Pankaj Kaushik, a close aide of BJP MP from Gautam Buddha Nagar, Mahesh Sharma, a Union minister, expressed his concern at the rapidity with which the extremist elements are spreading their tentacles in Dankaur. “They are sowing the seeds of Talibani education. Communal harmony is being uprooted from this place. The immediate intervention of the state government is warranted. Else, we cannot rule out a major untoward incident in the near future,” Kaushik told this newspaper.

When these correspondents visited the Saiyyad Bhureshah Muslim Girls’ School, they found the premises in utter shambles. The doors were locked and it seemed the place had turned into a den of anti-social elements. Before long, the Deobandi elements and the local Barelvis got into an altercation as the two correspondents enquired about what transpired on 26 January. The Deobandi group would not let the locals narrate how they had objected to the flag hoisting on Republic Day.

Habib, in fact, denied all such allegations. He said that Jaiswal was to blame for the sorry condition of the school. “He (Jaiswal) is responsible for the dilapidated condition of the school. His inaction is the reason why no teacher or student can be found on its premises. He is trying to encroach illegally on the land on which the school has been built,” Habib alleged. His interpretation was, however, negated by most locals.

A network of land mafia is also suspected to be behind the developments. The people of Dankaur allege that the Deobandis are pawns in the hands of the land mafia who are eyeing the properties of the Wakf Board. The Saiyyad Bhureshah Trust is authorised by the Uttar Pradesh Sunni Central Wakf Board to safeguard the religious properties of the minorities. It is alleged that the land mafia is targeting these properties. Their agenda is to establish a new management or trust — with their pet Deobandis heading it — that would illegally transfer or sell the religious properties to them at throwaway prices. In some cases, they have succeeded in usurping the lands that were in the custody of the Saiyyad Bhureshah Trust, Jaiswal alleged. The trust has properties running into crores, with 28 shops and a graveyard and the land on which the girls’ school has been built.

“Years ago, Abdul Aziz (now dead), Jaffaruddin (now dead) and Nawab Ali got their names entered as the owner of more than one beegha land, which was under the trust. This was a blatant fraud, but we came to know about it much later,” Jaiswal said, who was appointed the permanent secretary of the trust in 2009. He petitioned against this “encroachment” to the SDM Court, Sadar tehsil, Gautam Buddha Nagar in 2011.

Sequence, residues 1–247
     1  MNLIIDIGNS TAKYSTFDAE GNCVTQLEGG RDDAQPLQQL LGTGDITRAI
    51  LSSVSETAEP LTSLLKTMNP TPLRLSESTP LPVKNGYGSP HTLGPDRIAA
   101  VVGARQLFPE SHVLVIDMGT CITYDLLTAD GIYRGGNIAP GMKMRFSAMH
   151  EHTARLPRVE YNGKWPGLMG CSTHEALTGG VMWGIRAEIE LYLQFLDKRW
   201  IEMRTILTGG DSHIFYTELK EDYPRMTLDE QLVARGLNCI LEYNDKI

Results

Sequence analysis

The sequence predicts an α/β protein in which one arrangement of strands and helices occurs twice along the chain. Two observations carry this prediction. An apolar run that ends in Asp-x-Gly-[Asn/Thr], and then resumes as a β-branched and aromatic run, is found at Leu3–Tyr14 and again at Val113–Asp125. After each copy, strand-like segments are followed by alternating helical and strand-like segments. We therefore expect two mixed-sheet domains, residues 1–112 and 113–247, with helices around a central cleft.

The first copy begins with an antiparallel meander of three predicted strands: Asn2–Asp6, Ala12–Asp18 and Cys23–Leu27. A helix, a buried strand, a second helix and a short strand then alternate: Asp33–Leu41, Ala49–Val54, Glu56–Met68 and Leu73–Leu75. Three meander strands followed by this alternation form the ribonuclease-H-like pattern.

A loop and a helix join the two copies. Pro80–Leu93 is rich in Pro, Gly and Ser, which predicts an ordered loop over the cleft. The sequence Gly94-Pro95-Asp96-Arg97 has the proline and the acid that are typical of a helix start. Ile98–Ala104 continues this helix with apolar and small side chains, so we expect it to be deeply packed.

As he struggled with the legal battle, the mafia started occupying the shops belonging to the trust with the help of the Deobandi elements. They dragged out people who had rented the shops and installed their own men as lessees, who stopped paying the rents. The locals alleged that few of these new tenants started claiming themselves to be the owners of the shops they had rented. They illegally transferred them to the mafia in exchange for money.

“The tenants are claiming in broad daylight that they are the owners. How can they own properties that belong to the trust? The administration is sleeping,” said a local who did not wish to be named.

But thanks to political machinations, the trust lost the case. Jaiswal alleged that SDM Bachchu Singh gave an adverse judgement as their documentary evidence against the encroachers was deliberately misplaced. “Our documentary evidence and letters containing eyewitness accounts was lost in the tehsil. This was a conspiracy. We lost the case because of this,” Jaiswal said, as a big group of locals affirmed his statement vociferously.

Jaiswal added that soon after Durga Shakti Nagpal assumed office as SDM, things began to improve. “She took stern action when our second patravali, or letters, were misplaced in the tehsil. She got it retrieved, and just as we were expecting an honest report on the status of the encroached properties, she got suspended,” he recalled.

Bachcha Singh, Jaiswal alleged, favoured the encroachers after being reappointed SDM. He issued instructions that they can sell the graveyard, which had been under the trust for long, Jaiswal said. In the CGM court of Gautam Buddha Nagar, they were again delivered an unfavourable verdict. But far from losing hope, they appealed to the Allahabad High Court on 3 August 2015. Currently, their petition is under consideration in the HC.

The administration and the mafia have a nexus, Jaiswal and the locals alleged. The petition that the names of Aziz, Jaffaruddin and Nawab Ali be removed as owners of these properties is under consideration of the commissioner. But, Jaiswal and the locals suspect they would not get a fair hearing. “We want that this case be transferred to some other district,” Jaiswal appealed. The locals supported his plea.
Until the court comes up with a verdict, the keys of the madrasa remain in Habib’s custody. “We had rented out the premises to Mahanagar Vikas Seva Samiti, and got a minority status too. We even deposited the security bonds with the Syndicate Bank for the school. How come then the keys are with Habib?” asked Jaiswal.

When asked, J.S. Kalra, Inspector, Gautam Buddha Nagar police station in Dankaur, said: “I am new here, I joined on 31 December 2015. I do not have a good idea about what goes around here. There have not been any untoward incidents of late.”